The recent SalesHacker Conference in San Francisco. This is literally a start-up conference company pulling together some of the hottest sales and marketing talent in the sales software productivity space. After listening to 12 presentations over an 8 hour period, my head was literally spinning (that was before happy hour!). Thanks to one of the sponsors PipelineDeals, the conference sessions are summarized on the Saleshacker.com website. Here are some of my insights and sales tips on this information packed day.
The Give and Get Spreadsheet (John Barrows, Sales Trainer to the Tech Sales Stars) @
John did a great job of kicking off the proceedings. He spoke about negotiations and the "art" of gives and gets. The concept of beating someone in a negotiation is an outdated concept. As a salesperson in today's interconnected world, you need to understand that every deal you make or blow up may impact your next deal or even your entire career. Developing a reputation as a hard-nosed negotiator is okay as long as your opponent (now your customer) is still standing. John discusses the need to develop a process for creating a balanced negotiation where both parties feel they are receiving a fair value. His simple, but effective spreadsheet helps manage this process.
Presented by: Gabu Luna-Ostaseski @gabelunao
The following sins directly relate to the sales process:
The All in One Salesperson – One common issue at startups is that their salespeople spend too much time doing things that don’t drive revenue. I encourage startups to focus on figuring out how to make things more efficient, automate, and specialize.
How to Avoid:
- Segment job roles
- Delegate or outsource low leverage taks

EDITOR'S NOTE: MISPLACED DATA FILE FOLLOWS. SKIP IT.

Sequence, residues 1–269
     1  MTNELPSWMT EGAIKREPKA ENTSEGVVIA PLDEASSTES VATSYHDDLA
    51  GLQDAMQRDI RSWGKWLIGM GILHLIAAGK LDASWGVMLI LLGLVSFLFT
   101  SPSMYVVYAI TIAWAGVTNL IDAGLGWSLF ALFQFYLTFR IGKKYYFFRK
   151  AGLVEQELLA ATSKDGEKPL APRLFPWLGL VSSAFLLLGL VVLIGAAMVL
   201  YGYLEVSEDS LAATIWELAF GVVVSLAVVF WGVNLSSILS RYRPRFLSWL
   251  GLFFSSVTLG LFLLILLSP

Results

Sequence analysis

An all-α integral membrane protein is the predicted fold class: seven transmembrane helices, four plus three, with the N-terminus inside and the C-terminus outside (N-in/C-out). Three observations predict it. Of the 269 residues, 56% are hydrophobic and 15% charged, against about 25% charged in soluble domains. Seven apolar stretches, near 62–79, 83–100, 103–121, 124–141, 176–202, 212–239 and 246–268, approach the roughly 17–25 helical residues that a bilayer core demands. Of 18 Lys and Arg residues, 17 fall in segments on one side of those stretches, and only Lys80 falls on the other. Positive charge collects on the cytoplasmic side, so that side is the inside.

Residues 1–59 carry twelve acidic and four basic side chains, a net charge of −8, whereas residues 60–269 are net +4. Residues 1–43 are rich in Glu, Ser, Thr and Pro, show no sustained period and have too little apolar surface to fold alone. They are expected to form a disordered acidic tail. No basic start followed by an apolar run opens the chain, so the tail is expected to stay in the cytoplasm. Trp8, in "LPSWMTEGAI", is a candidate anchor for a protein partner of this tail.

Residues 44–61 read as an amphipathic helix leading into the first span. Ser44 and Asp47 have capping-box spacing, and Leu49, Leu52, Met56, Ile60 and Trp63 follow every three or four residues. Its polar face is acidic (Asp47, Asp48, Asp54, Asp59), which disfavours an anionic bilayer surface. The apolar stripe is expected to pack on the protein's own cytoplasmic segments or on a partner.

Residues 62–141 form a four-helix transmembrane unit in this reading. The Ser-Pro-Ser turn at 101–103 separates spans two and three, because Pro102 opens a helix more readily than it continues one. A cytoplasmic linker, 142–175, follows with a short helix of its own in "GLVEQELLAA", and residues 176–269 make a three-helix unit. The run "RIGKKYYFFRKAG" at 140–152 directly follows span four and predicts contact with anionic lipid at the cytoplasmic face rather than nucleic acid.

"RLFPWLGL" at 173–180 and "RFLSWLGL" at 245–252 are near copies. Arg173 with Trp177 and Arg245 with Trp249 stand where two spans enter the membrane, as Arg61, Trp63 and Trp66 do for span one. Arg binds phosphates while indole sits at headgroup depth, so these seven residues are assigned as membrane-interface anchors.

- Remove client success from responsibilities
Flying Blind – If you don’t know what should be happening at each point in the sales process, you’re not ready to scale. How are you going to grow your company and reach your goals if you’re flying blind? You need to break down your goals and understand what you need to be doing day-by-day, week-by-week, month-by-month at each point in your sales process in order to be successful.
You don’t necessarily need to manage by revenue in – you should also be managing by specific actions that should be completed. For example, think about the # of bookings that each sales rep should be making each week, each month, each quarter, etc. in order to grow your business to your goal.
How to Avoid:
- What gets measured gets managed
- Trending in reporting
- Identify and manage lead measures
Presented by Kris Duggan, CEO of BetterWorks
Again, my favorite sales process related rules:
As a general rule, we’ve found that it takes 100 outreaches to get 10 conversations to get 1 deal. Our first 10 customers came from 10 different sources. We obtained customers from email, LinkedIn, conferences, referrals, and social. I had to go out and target customers where they were at.
One key learning that I have had at Betterworks is that your CEO has to do your sales early on. Don’t rely on a hired gun to get your first 10 sales. As you start to scale and gain some repeatability, you can start to bring in more salespeople.
Scaling requires outbound sales
There is a lot of latent demand out there for better solutions. In order to be successful with outbound sales, you need to tighten up your target market definition. By tightening up your target market, you will be able to develop better personas to contact.
I think of my phone as an ATM. I know that outbound reps can turn 10 numbers into dollars. There is so much opportunity out there.
Remember – with inbound leads, businesses already know that they have a problem and they want to know why they should choose you. With outbound leads, you need to identify that there is an issue and then transition to why you’re the best solution for them.